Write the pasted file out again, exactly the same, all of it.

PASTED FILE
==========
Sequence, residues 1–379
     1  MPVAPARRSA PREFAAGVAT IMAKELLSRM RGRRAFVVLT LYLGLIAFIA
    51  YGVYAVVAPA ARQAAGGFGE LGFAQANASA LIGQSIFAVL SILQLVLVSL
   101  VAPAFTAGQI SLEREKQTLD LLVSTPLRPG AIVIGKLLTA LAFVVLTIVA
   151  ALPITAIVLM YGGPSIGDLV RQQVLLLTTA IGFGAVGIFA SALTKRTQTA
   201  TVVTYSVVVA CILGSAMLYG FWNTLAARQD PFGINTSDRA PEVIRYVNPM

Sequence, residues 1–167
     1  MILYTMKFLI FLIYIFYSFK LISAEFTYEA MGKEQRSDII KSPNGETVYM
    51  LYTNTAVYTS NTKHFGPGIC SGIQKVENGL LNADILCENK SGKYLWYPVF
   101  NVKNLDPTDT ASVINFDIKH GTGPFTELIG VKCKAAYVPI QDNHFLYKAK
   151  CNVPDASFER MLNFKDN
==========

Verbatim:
Sequence, residues 1–379
     1  MPVAPARRSA PREFAAGVAT IMAKELLSRM RGRRAFVVLT LYLGLIAFIA
    51  YGVYAVVAPA ARQAAGGFGE LGFAQANASA LIGQSIFAVL SILQLVLVSL
   101  VAPAFTAGQI SLEREKQTLD LLVSTPLRPG AIVIGKLLTA LAFVVLTIVA
   151  ALPITAIVLM YGGPSIGDLV RQQVLLLTTA IGFGAVGIFA SALTKRTQTA
   201  TVVTYSVVVA CILGSAMLYG FWNTLAARQD PFGINTSDRA PEVIRYVNPM

Sequence, residues 1–167
     1  MILYTMKFLI FLIYIFYSFK LISAEFTYEA MGKEQRSDII KSPNGETVYM
    51  LYTNTAVYTS NTKHFGPGIC SGIQKVENGL LNADILCENK SGKYLWYPVF
   101  NVKNLDPTDT ASVINFDIKH GTGPFTELIG VKCKAAYVPI QDNHFLYKAK
   151  CNVPDASFER MLNFKDN